Shelf Life is a community story project motivated by the rapid change taking place in Seattle’s Central Area neighborhood. We are recording oral histories with the people who live and work in the Central Area. We are photographers, artists, librarians, historians, filmmakers, and educators. Through September, 2017, we are operating out of a storefront next door to the Red Apple, at 23rd and Jackson, and we encourage the public to visit the storefront and share stories.
1) During this period of rapid change, Seattle could learn a lot from the Central District’s unique history of innovation, creativity, and community leadership; lessons that might even influence how we imagine the city’s future.
2) Stories have the power to depolarize civic and individual conversations about change.
3) When people are displaced, they experience isolation and vulnerability. Community stories reconnect people.
Our objectives are to:
1) Amplify, preserve, and learn from the voices, experiences, and histories of Central District communities.
2) Contribute historical context to conversations about change in the Central District.
The stories we record will be shared with the public through community celebrations and installations, social media, community radio, pop-up projection events, the project website, and an interactive story mapping project. Eventually, stories will be archived by the Seattle Public Library.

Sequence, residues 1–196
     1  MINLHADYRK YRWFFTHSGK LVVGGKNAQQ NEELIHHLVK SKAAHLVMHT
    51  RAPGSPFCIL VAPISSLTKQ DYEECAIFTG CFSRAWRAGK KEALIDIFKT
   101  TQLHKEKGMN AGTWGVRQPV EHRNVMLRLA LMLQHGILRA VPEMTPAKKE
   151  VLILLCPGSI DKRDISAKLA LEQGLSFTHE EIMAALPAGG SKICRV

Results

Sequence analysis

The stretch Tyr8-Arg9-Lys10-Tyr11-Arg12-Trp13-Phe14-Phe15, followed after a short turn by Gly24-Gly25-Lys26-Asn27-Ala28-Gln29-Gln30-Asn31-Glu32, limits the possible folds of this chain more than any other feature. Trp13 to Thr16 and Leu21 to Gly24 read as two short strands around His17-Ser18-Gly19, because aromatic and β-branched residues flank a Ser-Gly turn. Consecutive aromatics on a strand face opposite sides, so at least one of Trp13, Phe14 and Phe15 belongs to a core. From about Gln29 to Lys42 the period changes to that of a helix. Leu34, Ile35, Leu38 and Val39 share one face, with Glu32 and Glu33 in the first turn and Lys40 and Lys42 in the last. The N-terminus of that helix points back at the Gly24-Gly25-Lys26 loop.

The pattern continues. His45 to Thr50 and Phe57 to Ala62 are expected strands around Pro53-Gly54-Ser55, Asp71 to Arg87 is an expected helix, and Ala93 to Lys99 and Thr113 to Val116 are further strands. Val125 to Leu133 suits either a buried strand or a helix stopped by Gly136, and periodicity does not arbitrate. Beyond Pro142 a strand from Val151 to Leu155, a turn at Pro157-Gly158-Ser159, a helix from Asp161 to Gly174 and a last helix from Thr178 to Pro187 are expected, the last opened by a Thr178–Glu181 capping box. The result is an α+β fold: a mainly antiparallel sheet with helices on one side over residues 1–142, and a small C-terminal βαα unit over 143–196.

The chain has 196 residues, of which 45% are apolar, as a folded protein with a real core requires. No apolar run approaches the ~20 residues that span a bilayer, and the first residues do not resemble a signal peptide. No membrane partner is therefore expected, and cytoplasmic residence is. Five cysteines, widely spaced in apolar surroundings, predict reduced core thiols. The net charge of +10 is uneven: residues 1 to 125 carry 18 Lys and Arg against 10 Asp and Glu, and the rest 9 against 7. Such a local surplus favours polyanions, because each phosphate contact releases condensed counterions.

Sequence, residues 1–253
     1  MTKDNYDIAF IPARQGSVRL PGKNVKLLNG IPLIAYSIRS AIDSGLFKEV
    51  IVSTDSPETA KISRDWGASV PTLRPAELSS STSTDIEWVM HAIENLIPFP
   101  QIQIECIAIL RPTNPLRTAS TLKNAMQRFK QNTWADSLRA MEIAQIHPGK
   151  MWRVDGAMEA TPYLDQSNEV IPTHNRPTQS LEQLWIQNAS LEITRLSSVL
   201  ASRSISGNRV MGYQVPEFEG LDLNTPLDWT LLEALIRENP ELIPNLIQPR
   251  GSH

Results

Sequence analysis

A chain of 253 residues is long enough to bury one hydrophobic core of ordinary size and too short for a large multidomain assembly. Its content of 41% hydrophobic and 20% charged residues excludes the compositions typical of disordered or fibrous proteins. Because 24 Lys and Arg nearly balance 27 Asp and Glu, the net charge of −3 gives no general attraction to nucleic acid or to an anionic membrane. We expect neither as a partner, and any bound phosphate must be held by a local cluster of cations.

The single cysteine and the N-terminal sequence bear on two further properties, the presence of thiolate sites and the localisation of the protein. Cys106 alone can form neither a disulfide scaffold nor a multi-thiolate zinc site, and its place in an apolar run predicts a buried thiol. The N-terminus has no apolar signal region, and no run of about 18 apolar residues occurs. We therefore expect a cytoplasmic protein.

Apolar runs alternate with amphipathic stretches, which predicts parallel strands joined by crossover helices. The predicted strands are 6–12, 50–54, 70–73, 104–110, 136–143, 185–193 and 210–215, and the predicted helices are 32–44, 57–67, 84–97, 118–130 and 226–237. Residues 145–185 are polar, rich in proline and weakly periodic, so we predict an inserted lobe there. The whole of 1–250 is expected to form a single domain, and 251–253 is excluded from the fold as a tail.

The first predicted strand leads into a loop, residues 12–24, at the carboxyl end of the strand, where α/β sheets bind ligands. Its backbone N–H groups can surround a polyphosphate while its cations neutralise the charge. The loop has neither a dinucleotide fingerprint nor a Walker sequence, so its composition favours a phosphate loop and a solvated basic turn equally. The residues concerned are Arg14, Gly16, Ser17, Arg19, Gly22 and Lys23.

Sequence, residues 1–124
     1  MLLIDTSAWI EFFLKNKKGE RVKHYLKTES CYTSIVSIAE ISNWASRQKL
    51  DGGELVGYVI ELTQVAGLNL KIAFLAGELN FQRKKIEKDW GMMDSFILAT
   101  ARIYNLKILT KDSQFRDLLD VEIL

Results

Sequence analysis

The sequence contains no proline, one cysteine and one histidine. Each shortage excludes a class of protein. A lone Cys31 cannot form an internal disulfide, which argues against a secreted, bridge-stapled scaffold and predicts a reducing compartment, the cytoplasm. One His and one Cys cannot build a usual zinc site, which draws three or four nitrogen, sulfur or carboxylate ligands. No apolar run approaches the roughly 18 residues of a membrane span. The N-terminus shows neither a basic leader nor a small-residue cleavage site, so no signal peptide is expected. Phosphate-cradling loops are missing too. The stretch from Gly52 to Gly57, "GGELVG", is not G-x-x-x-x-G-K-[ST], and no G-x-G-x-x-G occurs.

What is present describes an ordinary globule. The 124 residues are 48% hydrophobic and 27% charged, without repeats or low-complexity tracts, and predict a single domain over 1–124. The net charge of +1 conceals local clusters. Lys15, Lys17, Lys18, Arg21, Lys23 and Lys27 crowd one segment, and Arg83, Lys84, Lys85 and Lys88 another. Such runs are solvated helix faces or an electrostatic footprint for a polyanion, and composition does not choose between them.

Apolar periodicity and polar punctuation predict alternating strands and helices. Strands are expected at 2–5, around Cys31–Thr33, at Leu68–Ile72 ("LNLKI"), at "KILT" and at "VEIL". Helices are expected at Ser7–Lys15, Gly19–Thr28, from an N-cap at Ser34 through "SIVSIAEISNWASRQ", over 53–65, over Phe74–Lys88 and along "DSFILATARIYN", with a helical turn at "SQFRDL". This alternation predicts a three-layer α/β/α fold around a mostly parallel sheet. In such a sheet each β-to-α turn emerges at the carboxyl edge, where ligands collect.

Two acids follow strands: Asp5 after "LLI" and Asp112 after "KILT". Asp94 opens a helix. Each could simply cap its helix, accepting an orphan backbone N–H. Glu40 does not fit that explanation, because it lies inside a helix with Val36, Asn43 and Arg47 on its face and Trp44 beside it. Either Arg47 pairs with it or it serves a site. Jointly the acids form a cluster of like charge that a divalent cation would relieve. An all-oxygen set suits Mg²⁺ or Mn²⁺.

Why is the project called "Shelf Life?" The project was originally motivated by the impending closure of the Red Apple grocery store, a community anchor in a rapidly changing neighborhood. Quite simply, the Red Apple is a place where neighbors come together and find each other, so it is also a place where we find neighborhood stories. "Shelf Life," therefore, is a grocery reference, but the project title is also meant to make us think about change, history, community, and displacement.
Jill Freidberg is a documentary filmmaker, oral historian, radio producer, and youth media educator. Her work reflects her belief that responsible, powerful storytelling builds understanding and solidarity across borders and across the street.
Domonique Meeks is an entrepreneur and filmmaker. He is a recent Masters graduate from the University of Washington and does consulting around data analytics and content strategy. He has a passion for social and economic justice, informatics, and art. He utilizes data and media to tell community stories of entrepreneurship and technology.
Mayowa Aina is a girl from NE Tacoma, WA who likes to wear many hats (sometimes at the same time!). As a student she studies International Studies, Informatics, Music, and Comparative History of Ideas at the University of Washington Seattle. As a writer, radio host, and aspiring producer she listens to stories and amplifies them to challenge, empower, and liberate others. As a human she likes to read, go to new bars, travel, and take naps.
Carina del Rosario
Carina A del Rosario is a photographer, visual artist, digital media artist, and youth arts educator. She uses art to explore the desire for community, for being part of something larger than oneself, and also the pull of solitude, for shrugging off ties that tangle and constrain.
Henry Luke is a community organizer, mural artist, and arts educator from occupied Duwamish territory known as Seattle. They have painted walls, taught classes, and organized since 2009, in the greater Seattle area and beyond.
Inye Wokoma is a filmmaker, photographer, writer, and educator with a passion for photojournalism and social justice, environmental and cultural subjects.